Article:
posted by baylink at 8:17 AM on May 3, 2000

Most of the enhancements I had in mind would improve the usability of Google.

- The logo is too big, both visually and physically.

- Along with that, there are several different sorts of information on the page, and the differences and relationships between them are not all that clear. What's the most important thing on the page? What's the second most important thing? Third? What do new users need to see? What do power users not want to be bothered with? I don't believe they've put a lot of thought into that sort of thing.

- Google's services are expanding, but that isn't obvious to users. I know that they have a special Linux search, but damned if I can find it right now. That doesn't mean that they have to list everything they do on the front page, but people should know where to go to find it.

- Aesthetically, the logo and the navigational elements so good. A lot of people tune out when designers start talking about how aesthetics matter, but they really do. Aesthetics affect how people feel about what they are looking at, which in turn, affects how they use it. That's just humanity.

- The display of the search results could be more clear. Google returns a lot of good information that different users use in different ways. How could the results be restructured to better differentiate between the different bits of info?

- The "I'm Feeling Lucky" button, while fun and whimsical, serves no purpose, and yet is a major part of the interface.

Huge caveat to this whole discussion: by applying any sort of design to Google, you risk alienating what I will term the "Slashdot audience" (warning, generalizations ahead, but ones which I think are fairly accurate). Pages without much thought to design, especially from an aesthetic POV, seem to have a greater amount of credibility with them (for example, the Slashdot site itself and any Linux GUI). You take a site like Slashdot and apply some design to it, and I think people would think less of it. I find this to be a fascinating phenomenon, does anyone have any ideas on why this seems to be the case? I have a few, but I'm tired and going to bed.
posted by jkottke at 11:55 PM on May 3, 2000

Tired? It wasn't even midnight yet...

In order: "visually and physically"? I'm not certain what distinction you're trying to make there, but I don't think their logo is any appreciable amount bigger than the logos of the other search engines... perhaps it's just that there isn't a bunch of extraneous bullshit on the page? I consider that a *feature*, myself, but then, I'm part of the "Slashdot audience"... we'll come back to this.

The most important thing on the page? At a search site? The input field. I don't have any trouble finding theirs.

As far as "what do new users need to see; what do power users not want to see", I think you're playing into a fairly common applications design miscue: if you're designing an application that will be used frequently, especially for long periods of time, you design it for efficiency of use by power users, not for ease of training -- unless your turnover is ridiculous, in which case you have much worse problems. This is one of the few points on which I agree with Alan Cooper and his opinions in _About_Face_.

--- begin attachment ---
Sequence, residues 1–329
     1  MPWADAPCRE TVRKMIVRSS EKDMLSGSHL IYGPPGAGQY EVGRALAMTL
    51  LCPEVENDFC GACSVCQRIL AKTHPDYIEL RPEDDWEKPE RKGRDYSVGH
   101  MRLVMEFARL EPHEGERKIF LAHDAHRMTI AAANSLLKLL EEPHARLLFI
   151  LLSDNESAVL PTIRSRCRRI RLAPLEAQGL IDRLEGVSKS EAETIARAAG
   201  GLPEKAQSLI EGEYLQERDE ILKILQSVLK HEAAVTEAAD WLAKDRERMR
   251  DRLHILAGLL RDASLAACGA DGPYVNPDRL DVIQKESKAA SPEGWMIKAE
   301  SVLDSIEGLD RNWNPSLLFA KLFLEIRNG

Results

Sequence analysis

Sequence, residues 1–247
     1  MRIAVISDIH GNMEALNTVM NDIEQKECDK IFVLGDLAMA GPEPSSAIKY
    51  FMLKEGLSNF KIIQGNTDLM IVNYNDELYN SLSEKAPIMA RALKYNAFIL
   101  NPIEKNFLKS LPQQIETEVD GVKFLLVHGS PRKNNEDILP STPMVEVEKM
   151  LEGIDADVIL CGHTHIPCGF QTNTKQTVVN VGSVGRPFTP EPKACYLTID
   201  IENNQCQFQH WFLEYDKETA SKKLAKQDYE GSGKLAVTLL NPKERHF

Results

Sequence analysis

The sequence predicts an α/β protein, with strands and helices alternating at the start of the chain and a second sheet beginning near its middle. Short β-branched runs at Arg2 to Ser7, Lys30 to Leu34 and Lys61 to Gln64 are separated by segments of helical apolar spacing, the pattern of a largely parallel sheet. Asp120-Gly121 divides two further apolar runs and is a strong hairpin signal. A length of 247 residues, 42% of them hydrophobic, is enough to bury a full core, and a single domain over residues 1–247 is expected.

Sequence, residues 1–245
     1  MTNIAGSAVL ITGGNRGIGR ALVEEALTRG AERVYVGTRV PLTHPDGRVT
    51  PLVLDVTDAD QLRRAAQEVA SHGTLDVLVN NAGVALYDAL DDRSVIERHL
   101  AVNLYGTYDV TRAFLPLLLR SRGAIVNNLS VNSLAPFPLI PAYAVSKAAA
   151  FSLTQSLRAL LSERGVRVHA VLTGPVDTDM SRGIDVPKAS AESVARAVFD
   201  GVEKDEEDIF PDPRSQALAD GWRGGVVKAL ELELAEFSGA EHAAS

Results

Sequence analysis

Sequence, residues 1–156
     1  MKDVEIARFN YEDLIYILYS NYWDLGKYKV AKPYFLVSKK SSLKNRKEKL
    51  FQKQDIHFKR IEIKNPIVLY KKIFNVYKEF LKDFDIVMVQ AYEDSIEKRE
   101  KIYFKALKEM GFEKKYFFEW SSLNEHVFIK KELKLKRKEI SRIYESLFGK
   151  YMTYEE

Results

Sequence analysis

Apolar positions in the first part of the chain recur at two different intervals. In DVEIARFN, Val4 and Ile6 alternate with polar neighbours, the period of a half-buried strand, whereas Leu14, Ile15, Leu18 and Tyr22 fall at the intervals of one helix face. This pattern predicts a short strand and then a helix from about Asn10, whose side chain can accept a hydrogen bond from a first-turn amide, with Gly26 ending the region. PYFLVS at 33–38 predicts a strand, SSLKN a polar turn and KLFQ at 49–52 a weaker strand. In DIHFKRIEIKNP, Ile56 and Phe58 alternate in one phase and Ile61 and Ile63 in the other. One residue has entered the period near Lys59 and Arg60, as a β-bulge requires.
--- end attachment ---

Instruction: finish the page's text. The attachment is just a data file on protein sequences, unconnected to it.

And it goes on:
Personally, I don't have all that much trouble with their front page.

I will agree that the search results could use a touch more tweaking. I'm particularly displeased with their recent dropping of the word 'cached'; I presume they're trying to deflect a lawsuit (that I'd much prefer to see then fight and win, actually). And I wonder who complained about 'GoogleScout', though I don't miss that one as much.

"IFL" does in fact serve a purpose; not all purposes are solely production oriented. IFL is a generator of word-of-mouth. If, indeed, you find that the majority of your searches are fulfilled by the first hit, whether it be from the list or from IFL, you're *going* to tell people that -- the existence of the IFL button is merely a subtle prod to bring that circumstance (getting useful first hits) to your attention without being obvious about it.

I personally think it's the cleverest thing they've done yet. There's a madness to their method...

As for "Slashdot design", yeah, I can tell you exactly what's going on there. Most geeks revere *functionality* over all else. Most "chrome" is the product of people who have other primary considerations, and we hate people like that. A website should be made as complicated as necessary, and not one iota more.

Sizzle is there to impress the stupid. We want steak.

(Yes, that's elitist. *Someone* has to drive the boat; ought it not to be the best drivers?)

(Ok, it's self-important, too.

It's ok; it's just me.

So many things are just me.)
posted by baylink at 11:41 AM on May 4, 2000

> Tired? It wasn't even midnight yet...

There are other time zones in the world aside from PDT you know...
posted by megnut at 1:02 PM on May 4, 2000


I've never needed to notice that before, Meg. Thanks.
posted by baylink at 3:12 PM on May 4, 2000